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OSHA watch

OSHA launches webpage to help protect workers during winter storms

The webpage provides guidance on how employers and workers involved in cleanup and recovery operations can recognize snow storm-related hazards and the necessary steps that employers must take to keep workers safe while working in these conditions. The page includes guidance for workers clearing heavy snow in front of workplaces and from rooftops, workers encountering downed power lines or traveling on icy roads, and utility workers restoring power after winter storms.

OSHA improves employers' access to required poster- It's the Law

OSHA has revised its webpage, to make it easier to use. Employers are required to display this poster prominently in their workplace, but do not have to replace previous versions of the poster.

OSHA continues to cite beauty salons and manufacturers for formaldehyde exposure from hair smoothing products

OSHA has launched a webpage providing information to salon owners and workers when exposed to formaldehyde.

OSHA updates chemical facility NEP

OSHA has issued a new National Emphasis Program for chemical facilities. The NEP, which replaces OSHA's 2009 pilot program for facilities covered by the Process Safety Management Standard (1919.119), applies to all OSHA regions and State Plan states. Changes between the two programs include a reduction in program requirements, as well as the number of facility categories and programmed inspections. OSHA also must verify that companies being inspected have abated any previous PSM violations.

OSHA releases new tire charts

OSHA has updated tire-servicing materials to address current hazards in the industry and help workers safely perform maintenance on large vehicle tires. The revised charts which address the Servicing Multi-Piece and Single Piece Rim Wheels Standard (1910.177), are available in a portable manual or as three poster-sized charts. They include an updated list of current and obsolete components, and the "Demounting and Mounting Procedures for Truck/Bus Tires" chart has been expanded into two charts to individually deal with tubeless and tube-type tires.

Recent fines and awards

Metal fabrication plant faces $175,500 in fines - Massachusetts

An inspection triggered by an accident that caused serious eye and facial injuries to a worker of Spincraft in North Billerica led to a total of 32 serious violations. These included improper machine guarding, obstructed exit access, improper propane storage, failure to inspect cranes on a frequent and regular basis, failure to inspect crane running ropes and test crane upper limit switches, a lack of hazard communication training and numerous electrical hazards, as well as unguarded ladder way openings, floor holes, and open-sided floors and platforms.

Construction companies face fines for safety violations - New Jersey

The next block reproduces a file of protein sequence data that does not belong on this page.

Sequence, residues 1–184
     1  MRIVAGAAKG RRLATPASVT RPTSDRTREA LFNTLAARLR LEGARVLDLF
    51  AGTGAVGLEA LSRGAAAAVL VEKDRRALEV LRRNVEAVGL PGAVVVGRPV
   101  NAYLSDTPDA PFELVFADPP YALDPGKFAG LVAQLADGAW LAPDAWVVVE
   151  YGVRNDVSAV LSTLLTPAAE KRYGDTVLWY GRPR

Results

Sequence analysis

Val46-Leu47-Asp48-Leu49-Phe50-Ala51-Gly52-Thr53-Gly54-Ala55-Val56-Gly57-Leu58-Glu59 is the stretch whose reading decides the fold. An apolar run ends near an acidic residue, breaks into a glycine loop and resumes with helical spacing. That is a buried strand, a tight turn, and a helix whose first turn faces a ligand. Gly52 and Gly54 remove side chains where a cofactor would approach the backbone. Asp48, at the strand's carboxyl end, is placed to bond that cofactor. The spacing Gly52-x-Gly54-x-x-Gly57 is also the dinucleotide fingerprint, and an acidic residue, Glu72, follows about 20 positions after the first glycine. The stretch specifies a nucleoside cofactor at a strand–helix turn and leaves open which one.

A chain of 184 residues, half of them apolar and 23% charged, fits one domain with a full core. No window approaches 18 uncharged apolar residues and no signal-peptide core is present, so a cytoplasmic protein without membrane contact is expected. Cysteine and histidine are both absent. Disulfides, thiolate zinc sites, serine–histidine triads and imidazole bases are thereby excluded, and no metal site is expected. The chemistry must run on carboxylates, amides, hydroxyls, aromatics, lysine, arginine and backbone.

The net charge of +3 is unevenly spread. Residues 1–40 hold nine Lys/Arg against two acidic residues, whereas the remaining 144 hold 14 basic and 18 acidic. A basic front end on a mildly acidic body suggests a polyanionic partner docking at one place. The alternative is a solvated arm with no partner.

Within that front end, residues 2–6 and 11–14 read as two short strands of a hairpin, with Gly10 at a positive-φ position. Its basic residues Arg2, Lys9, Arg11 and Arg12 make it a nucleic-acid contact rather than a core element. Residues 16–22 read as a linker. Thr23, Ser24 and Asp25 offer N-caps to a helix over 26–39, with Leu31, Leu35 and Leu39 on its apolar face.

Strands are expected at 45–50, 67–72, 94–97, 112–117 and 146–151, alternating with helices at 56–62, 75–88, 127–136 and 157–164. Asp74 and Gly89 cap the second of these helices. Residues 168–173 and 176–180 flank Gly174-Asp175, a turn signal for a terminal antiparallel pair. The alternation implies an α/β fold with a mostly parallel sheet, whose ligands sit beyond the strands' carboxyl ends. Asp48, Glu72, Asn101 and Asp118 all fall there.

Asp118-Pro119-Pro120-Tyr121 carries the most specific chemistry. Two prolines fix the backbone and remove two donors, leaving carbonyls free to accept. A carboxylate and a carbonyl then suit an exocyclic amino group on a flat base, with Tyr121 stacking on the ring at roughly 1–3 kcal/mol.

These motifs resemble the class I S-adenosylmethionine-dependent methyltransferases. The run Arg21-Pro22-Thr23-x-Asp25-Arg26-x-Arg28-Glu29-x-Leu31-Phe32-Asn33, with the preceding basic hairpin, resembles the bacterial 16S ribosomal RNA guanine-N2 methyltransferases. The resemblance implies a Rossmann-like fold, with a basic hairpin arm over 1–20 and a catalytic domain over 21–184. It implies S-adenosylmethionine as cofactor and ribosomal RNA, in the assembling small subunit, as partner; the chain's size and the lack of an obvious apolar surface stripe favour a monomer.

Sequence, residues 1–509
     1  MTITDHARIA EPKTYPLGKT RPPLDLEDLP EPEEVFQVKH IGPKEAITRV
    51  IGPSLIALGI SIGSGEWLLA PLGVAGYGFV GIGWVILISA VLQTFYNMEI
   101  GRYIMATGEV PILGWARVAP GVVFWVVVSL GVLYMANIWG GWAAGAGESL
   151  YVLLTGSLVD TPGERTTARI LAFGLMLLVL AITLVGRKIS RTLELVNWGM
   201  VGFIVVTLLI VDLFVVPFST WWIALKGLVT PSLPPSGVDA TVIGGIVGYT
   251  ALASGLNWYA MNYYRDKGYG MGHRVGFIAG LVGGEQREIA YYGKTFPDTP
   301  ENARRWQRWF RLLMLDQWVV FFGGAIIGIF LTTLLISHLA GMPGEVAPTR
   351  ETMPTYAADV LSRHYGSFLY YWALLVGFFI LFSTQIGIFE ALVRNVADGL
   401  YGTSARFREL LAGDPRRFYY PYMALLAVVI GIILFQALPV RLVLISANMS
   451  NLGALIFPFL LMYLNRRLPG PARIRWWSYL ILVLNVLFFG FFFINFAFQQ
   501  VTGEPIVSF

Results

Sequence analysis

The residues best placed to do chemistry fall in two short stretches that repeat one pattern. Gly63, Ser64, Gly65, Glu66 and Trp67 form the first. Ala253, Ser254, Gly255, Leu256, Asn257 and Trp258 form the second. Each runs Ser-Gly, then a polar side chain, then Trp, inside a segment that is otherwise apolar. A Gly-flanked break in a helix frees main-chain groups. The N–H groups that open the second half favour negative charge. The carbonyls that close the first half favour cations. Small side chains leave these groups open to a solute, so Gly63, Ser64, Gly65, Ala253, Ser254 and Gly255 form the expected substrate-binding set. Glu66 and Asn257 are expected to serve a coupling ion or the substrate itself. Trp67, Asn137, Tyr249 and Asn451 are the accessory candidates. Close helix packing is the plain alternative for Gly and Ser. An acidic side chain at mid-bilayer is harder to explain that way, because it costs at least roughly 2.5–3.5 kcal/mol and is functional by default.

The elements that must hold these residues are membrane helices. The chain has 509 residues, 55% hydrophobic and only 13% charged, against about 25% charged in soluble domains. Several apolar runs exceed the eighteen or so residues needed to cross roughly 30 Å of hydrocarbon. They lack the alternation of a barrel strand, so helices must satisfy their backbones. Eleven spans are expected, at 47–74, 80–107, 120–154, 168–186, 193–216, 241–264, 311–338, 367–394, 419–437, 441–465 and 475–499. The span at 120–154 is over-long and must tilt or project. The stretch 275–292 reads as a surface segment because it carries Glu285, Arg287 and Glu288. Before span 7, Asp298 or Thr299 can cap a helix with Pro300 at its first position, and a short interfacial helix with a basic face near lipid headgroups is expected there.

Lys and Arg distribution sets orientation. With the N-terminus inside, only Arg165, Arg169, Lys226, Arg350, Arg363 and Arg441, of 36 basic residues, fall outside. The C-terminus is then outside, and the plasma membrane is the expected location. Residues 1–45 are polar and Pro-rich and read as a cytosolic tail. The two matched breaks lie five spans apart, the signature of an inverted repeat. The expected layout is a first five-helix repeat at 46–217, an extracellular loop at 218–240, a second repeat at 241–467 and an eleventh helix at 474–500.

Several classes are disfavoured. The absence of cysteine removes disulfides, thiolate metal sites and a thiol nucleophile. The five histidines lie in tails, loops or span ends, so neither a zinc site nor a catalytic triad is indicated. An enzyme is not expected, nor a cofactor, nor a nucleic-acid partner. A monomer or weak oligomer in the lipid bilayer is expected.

OSHA proposes $65,340 in fines for Illescas Brothers Construction Inc. of Paterson, charged with exposing workers to 12 safety violations, including repeat fall protection and scaffolding violations, while performing masonry work on the exterior of a new home in Fort Lee.

In Roselle, A-Absolute Construction Inc. faces $158,400 in penalties for 10 violations at a Parsippany worksite, including three willful violations relating to prevention of trench collapses (committed with intentional knowing or voluntary disregard for the law's requirements, or with plain indifference to worker safety and health).

Manufacturing employers face penalties - Georgia

Milac Manufacturing Inc., a Moultrie chrome products preparer, is charged with eight safety violations with total proposed penalties of $110,220. Following up on a 2010 inspection after the company failed to confirm that previously cited violations had been corrected, OSHA issued violations including failure to cover a gap in the concrete floor above a tank that contained wastewater and chromic and sulfuric acid solutions; exposing workers to trip, slip, and burn hazards as well as amputation hazards; allowing workers who refill a propane tank to perform their duties without wearing rubber gloves to prevent exposure to hazardous chemicals; failure to require employees to wear face protection while refilling a forklift's propane tank; failure to have a fire extinguisher located at or near a 500-gallon liquid propane gas storage tank; and storing two oxygen cylinders in the same area as a propane tank.

In Morganton, Dacorp Inc., a sewing plant, has received OSHA citations for 17 safety violations with proposed penalties totaling $46,900. Sixteen serious violations include an insufficient number of exit routes, an obstructed exit route and exits not properly marked; a number of potential fire hazards stemming from damaged electrical equipment; electrical hazards that exposed employees to shock dangers; failure to train employees in the proper use of powered industrial trucks; and failure to provide employees with effective information and training on hazardous chemicals in their work areas.

Whistleblower suits

OSHA ordered Knoxville-based Heartland Transportation Inc. to reinstate a former employee and pay the individual $62,090 in compensatory and punitive damages plus more than two years of back wages, interest, benefits and reasonable attorney's fees. The order follows OSHA's determination that the company violated the employee's rights under the whistleblower provisions of the Surface Transportation Assistance Act by terminating the employee for complaining about defective vehicles.

OSHA also has sued Whole Foods Market Group Inc. to reinstate a former employee with full back wages and benefits after the company allegedly fired the worker for voicing and reporting workplace health concerns regarding a raw sewage spillage at its store in Miami Beach.